Too much pee and too little fresh air probably made employees of an indoor water park sick, the Centers for Disease Control and Prevention report. Public health departments should keep a close watch on the growing indoor water park industry, the agency says — because you never know what could be in the water. This time, it was most likely pee, along with sweat, dead skin cells, and lotions, the CDC reported today in its Morbidity and Mortality Weekly Report.
The opioid epidemic is pushing down the life expectancy in the US, new research says. Once a leader in longevity, the US has dropped behind most other high-income countries — due in large part to accidental deaths from prescription and illicit opioids that are sweeping the country. The average lifespan in the US actually increased by two years between 2000 and 2015( from 76.8 years to 78.8 years), but that increase is lower than it should be.
The second major earthquake to strike Mexico in less than two weeks has caused catastrophic damage in the country’s capital. The magnitude 7.1 temblor started at around 1:15PM — cracking highways, collapsing buildings, and, so far, killing more than 50 people. Less than two weeks ago on September 8th, a magnitude 8.1 quake struck roughly 400 miles southeast from today’s.
Muck Rack makes it simple to find people, tweets, or articles that mention any name, keyword, company, hashtag etc. We've compiled this guide to help you make the most of your search.
Selecting a term
Start searching tweets, articles from media outlets, articles mentioned in tweets, journalists'
names, titles and bios with some suggested searches:
Companies or Topics (e.g. iPhone, Microsoft)
Phrases (e.g. "cloud computing") — use quotes to keep the terms together
Twitter handles (e.g. @username) — returns those who have mentioned or replied to
Names (e.g. "David Pogue")
Hashtags (e.g. #sxsw, #london2012)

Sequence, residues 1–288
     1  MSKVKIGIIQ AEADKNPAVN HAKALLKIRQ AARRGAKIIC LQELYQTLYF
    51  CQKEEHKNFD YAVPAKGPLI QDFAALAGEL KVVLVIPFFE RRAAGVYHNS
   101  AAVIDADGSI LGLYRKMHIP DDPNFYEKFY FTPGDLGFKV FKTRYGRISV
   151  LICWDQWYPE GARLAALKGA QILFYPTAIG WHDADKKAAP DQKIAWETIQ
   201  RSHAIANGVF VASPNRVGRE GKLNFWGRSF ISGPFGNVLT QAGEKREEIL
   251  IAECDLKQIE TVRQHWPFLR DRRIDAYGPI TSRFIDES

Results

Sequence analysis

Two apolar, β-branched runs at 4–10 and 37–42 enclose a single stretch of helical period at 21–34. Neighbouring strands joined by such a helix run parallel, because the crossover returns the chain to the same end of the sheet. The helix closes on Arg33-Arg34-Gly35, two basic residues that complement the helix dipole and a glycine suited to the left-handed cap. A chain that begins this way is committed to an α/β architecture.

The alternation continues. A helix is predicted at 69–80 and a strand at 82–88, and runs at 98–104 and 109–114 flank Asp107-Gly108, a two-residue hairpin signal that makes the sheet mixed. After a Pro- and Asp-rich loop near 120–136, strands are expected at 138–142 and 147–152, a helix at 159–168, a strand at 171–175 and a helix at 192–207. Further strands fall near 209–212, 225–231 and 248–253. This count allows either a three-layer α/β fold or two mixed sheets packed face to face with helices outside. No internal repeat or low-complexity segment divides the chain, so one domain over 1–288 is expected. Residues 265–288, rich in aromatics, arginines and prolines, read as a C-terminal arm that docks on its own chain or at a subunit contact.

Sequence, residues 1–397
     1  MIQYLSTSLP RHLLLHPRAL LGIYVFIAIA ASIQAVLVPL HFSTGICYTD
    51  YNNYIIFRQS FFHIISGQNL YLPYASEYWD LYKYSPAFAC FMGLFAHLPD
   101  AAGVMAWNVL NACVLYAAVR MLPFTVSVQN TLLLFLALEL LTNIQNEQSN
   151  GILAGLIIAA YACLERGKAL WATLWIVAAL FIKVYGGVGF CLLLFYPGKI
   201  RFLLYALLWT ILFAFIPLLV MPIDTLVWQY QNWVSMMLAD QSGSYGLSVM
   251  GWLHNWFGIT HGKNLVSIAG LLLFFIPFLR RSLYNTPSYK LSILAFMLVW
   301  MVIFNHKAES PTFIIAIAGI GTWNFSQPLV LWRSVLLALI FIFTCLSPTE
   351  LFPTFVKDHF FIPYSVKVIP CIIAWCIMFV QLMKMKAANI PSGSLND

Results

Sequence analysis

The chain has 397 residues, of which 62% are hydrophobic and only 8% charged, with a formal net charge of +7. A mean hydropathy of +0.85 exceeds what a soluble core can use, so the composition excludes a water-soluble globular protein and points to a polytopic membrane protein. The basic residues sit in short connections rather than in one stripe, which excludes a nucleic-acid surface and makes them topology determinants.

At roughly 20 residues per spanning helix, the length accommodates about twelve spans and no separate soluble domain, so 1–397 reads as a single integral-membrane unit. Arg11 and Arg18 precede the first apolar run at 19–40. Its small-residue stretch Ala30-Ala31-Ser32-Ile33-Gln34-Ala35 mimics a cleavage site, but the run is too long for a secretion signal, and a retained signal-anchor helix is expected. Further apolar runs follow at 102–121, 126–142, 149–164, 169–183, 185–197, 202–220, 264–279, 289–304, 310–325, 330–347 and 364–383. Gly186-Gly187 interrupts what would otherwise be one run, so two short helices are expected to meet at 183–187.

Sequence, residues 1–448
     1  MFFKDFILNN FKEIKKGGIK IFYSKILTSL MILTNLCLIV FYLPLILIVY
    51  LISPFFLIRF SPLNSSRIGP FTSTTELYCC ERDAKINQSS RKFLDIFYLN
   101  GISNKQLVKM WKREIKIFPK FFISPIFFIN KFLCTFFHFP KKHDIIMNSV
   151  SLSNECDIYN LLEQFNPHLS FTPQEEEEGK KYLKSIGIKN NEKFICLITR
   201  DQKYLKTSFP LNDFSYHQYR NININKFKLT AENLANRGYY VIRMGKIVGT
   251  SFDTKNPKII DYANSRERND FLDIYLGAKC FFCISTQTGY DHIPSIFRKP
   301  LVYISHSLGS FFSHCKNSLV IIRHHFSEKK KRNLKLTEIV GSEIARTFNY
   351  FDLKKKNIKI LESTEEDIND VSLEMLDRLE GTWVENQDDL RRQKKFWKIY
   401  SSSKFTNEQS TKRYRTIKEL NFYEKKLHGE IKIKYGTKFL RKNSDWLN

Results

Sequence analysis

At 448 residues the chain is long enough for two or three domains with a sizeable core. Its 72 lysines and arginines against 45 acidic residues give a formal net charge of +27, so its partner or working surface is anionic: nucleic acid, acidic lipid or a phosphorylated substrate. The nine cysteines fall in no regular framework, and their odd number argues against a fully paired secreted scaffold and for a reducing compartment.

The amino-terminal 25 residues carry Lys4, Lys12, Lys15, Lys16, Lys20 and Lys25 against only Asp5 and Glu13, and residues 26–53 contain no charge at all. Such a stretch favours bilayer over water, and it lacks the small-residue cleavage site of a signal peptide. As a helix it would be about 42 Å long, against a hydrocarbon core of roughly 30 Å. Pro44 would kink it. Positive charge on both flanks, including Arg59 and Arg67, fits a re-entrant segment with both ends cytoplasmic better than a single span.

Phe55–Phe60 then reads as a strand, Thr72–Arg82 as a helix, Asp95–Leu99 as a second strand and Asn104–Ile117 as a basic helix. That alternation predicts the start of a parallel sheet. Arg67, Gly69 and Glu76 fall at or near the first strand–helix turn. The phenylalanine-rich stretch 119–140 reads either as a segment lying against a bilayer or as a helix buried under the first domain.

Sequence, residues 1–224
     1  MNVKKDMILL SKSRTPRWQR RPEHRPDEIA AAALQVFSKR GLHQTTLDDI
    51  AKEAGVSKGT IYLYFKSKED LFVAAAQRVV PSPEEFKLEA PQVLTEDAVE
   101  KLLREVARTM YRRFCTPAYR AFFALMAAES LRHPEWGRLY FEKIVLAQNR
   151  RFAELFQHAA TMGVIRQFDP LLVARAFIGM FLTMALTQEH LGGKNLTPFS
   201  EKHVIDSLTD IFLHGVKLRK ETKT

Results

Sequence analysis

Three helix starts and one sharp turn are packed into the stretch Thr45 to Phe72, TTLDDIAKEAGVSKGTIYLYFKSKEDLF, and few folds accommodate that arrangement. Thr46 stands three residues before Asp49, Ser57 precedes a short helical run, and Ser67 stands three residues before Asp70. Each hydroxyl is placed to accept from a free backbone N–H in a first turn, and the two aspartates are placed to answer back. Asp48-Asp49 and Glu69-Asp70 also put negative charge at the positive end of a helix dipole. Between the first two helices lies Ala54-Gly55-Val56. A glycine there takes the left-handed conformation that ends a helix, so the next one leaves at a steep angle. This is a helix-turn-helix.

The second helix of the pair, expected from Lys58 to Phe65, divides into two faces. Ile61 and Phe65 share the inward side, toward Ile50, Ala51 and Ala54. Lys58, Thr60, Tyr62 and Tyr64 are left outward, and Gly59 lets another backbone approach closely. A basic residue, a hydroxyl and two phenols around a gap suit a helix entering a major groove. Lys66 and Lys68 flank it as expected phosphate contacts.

Bio details (e.g. vegan, Olympics, father)
Muck Rack's Advanced Search allows for many boolean operators.
Find results that mention multiple specified terms, use AND or
+. For example, ensure each result contains both Elon Musk and Mark Zuckerberg by
searching Obama AND Romney or Obama + Romney.
Use the operators OR or , to broaden your search when you'd like either of
multiple terms to appear in results. (This is the default behavior of our search when no operators
are used.) For example, search for democrat OR republican to find results that refer to
Democrats and/or Republicans.
Use NOT or - to subtract results from your search. For
example, searching Disney will yield results about the Walt Disney Company as well as Walt Disney
World Resort. To exclude mentions of Disney World, search for Disney -World or Disney
When using one of these operators with a phrase, enclose it in quotation marks. For example, you can
find results about smartphones excluding Apple's iPhone 4S by searching smartphone -"iPhone
Exact case matching or punctuation
If you're searching for a brand name or keyword that relies on specific punctuation marks or capitalization, you can
find results that match your exact query by adding matchcase: before the keyword you're searching for, like matchcase:E*TRADE .
Use parentheses to separate multiple
boolean phrases. For example, to find journalists talking about having fun in Disney World or
Disneyland, search for ("disney world" OR disneyland) AND fun.
An asterisk can be used to search for any variation of a root word truncated by the asterisk. For example, searching for admin* will return results for administrator, administration, administer, administered, etc.
A near operator is an AND operator where you can control the distance between the words. You can vary the distance the near operation uses by adding a forward slash and number (between 0-99) such as strawberries NEAR/10 "whipped cream", which means the strawberries must exist within 10 words of "whipped cream".